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The sandwich chain Quiznos has narrowly avoided bankruptcy. A private equity firm gained control of the company. Avenue Capital brought new funds and erased some of Quiznos' debt. The Denver-based chain once had more than 5,000 restaurants. Now it's closer to 3,000. Ben Markus of Colorado Public Radio reports on what went wrong.
BEN MARKUS, BYLINE: When you think Quiznos, toasted should come to mind. Andre Bonyadian owns nine Quiznos franchises in and around L.A. He stands proudly next to the toasting machine in his Pasadena store.
ANDRE BONYADIAN: It toasted the sandwich very nicely, melts the cheese, warms up the meats, and blackens the tips of the sandwich, and it's delicious.
(SOUNDBITE OF PAPER BEING WRAPPED)
MARKUS: As one of his employees wraps up a large roast beef to go, Bonyadian identifies a chief problem: He's not going to make much profit on this sandwich. That's because Quiznos' corporate in Denver is offering a buy-one-get-one-free deal.
BONYADIAN: So they get a most expensive sandwich, obviously. Who wouldn't? If you're getting it free, something free, you pick up the most expensive one.
MARKUS: Quiznos, unlike some other fast-food retailers, owns the supply chain for its franchise restaurants. If he wants to buy chicken or straws or bread, Bonyadian has to buy from corporate. So he says the chain has an incentive to push higher volumes through deep coupon discounts - discounts that hit Bonyadian's bottom line.
BONYADIAN: If the franchiser works with the franchisees, they both make money. And once this is one-sided and the franchiser is only making money, then things go drastically wrong.
MARKUS: That inability to work together and higher supply-chain costs came at just the wrong time. As the recession started eating into the profits of most chains, Quiznos found itself locked in a price war with sandwich chain Subway and its formidable advertising machine.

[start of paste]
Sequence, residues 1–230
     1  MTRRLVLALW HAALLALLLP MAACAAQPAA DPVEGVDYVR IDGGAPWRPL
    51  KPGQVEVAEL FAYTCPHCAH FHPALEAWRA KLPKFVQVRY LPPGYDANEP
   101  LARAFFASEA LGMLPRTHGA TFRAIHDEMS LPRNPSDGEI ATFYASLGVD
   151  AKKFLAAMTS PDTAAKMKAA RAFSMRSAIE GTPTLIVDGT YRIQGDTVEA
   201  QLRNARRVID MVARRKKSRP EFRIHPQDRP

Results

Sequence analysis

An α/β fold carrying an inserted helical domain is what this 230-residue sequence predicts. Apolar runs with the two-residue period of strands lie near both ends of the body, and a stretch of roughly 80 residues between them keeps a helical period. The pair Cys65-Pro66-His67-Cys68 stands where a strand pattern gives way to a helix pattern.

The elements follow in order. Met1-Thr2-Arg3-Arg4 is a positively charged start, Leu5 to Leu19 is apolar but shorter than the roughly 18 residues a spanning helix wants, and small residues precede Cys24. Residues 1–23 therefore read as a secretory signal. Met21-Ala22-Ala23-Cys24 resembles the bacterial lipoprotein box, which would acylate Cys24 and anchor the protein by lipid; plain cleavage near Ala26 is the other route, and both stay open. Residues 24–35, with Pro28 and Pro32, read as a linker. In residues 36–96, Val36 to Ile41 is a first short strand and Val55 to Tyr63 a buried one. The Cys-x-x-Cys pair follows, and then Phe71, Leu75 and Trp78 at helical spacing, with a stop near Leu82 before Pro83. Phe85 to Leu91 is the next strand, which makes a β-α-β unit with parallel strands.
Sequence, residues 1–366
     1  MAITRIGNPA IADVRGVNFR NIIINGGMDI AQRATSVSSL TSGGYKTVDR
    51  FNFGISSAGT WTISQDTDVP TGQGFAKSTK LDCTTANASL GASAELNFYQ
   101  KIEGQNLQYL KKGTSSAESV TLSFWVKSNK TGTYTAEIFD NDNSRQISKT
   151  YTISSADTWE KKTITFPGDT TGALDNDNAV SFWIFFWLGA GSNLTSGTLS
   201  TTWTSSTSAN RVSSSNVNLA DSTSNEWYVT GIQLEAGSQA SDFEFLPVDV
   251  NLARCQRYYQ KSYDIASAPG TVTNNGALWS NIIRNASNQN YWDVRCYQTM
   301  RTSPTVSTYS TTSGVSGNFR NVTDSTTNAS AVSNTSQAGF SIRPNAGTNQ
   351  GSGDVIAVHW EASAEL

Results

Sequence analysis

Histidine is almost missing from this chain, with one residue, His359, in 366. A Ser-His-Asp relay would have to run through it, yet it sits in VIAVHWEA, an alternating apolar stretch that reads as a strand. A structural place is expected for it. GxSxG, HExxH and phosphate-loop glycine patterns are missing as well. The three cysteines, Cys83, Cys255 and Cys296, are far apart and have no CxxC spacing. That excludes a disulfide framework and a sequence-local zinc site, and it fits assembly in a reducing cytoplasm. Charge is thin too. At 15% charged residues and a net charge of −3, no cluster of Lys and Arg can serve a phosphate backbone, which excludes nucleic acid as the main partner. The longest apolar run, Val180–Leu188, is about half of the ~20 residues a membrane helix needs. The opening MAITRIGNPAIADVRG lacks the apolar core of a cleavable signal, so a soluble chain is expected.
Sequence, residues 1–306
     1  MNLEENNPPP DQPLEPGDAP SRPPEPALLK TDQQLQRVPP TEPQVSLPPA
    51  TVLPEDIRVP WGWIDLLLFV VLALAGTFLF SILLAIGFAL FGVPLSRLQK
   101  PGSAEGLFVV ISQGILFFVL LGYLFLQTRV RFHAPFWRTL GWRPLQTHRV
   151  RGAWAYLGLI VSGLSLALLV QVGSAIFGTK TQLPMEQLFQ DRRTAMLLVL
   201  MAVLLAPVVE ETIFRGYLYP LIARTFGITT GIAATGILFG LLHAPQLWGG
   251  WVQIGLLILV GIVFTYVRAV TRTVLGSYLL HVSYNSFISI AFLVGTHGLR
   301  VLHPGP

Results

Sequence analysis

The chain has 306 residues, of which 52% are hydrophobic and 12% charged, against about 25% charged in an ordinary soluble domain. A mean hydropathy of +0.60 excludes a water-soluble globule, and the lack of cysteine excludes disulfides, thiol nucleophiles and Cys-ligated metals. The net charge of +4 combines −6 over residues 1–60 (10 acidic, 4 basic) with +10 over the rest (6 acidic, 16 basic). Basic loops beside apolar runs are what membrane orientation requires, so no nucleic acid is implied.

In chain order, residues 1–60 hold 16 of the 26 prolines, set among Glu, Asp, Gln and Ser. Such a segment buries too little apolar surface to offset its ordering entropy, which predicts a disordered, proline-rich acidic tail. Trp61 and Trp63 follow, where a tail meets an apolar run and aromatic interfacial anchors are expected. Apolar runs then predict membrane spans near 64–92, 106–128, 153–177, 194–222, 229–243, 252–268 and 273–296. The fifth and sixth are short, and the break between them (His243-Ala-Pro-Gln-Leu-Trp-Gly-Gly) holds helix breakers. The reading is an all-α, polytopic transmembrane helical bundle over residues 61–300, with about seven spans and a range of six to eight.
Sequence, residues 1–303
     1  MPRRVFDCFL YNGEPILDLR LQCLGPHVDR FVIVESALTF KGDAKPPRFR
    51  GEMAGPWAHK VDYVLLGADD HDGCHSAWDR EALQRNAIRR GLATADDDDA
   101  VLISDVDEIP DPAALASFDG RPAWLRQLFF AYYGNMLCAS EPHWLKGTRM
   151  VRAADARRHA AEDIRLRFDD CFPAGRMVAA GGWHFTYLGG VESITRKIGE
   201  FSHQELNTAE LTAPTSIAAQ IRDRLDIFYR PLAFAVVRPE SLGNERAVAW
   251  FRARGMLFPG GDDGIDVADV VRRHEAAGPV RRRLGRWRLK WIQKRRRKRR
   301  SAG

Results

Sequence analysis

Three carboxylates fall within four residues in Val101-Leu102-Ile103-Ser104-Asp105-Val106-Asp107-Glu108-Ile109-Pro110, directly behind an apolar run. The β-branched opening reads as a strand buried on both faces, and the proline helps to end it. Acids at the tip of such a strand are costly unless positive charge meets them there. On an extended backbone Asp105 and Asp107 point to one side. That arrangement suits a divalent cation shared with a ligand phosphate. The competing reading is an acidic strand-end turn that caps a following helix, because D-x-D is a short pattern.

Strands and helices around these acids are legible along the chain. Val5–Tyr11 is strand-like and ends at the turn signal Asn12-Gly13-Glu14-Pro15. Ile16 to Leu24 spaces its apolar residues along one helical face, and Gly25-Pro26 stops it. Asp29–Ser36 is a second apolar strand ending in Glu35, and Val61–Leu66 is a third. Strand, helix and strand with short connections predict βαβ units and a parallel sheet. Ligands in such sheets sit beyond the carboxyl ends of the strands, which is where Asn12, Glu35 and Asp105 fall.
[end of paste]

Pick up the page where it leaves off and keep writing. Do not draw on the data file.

(SOUNDBITE OF AD)
UNIDENTIFIED PEOPLE: (Singing) Five, five dollar, five dollar foot long.
MARKUS: Quiznos couldn't keep up. Sales fell nearly a quarter from their peak in 2008, according to restaurant tracker Technomic. And Bonyadian, who's a director of the newly formed Quiznos Franchise Association, says it was franchise owners who were hit the hardest - people who in some cases invested up to $500,000 to open a store.
BONYADIAN: There has been a lot of disappointment, and lot of heartbreakings, a lot of people who have gone bust. Personally I know a couple of people who have become homeless.
JOHN GORDON: It's definitely one for the record books.
MARKUS: That's John Gordon, a restaurant analyst who runs Pacific Management Consulting Group. In 2010 alone, 600 stores closed. And he says the sudden loss of restaurants has left Quiznos without enough money to rebound with its own national advertising blitz.
GORDON: So unfortunately you've gotten smaller, you can't or you don't advertise, you get smaller again. It becomes a vicious circle, unfortunately.
MARKUS: And the smaller Quiznos got, the harder it became to pay off its massive debt. And yesterday it gave up control of the company to one of its largest creditors, Avenue Capital. The deal eliminates $300 million in debt and adds 150 million in new funding. Franchise owner Andre Bonyadian says to turn Quiznos around, new owners will first need to open a meaningful dialogue with the franchisees.
BONYADIAN: That's where the success comes from. And we are hoping that the new ownership will just do that, will work with us and listen to us, and it will be happily ever after.
MARKUS: And Bonyadian says that may be the chain's last hope. For NPR News, I'm Ben Markus in Denver.
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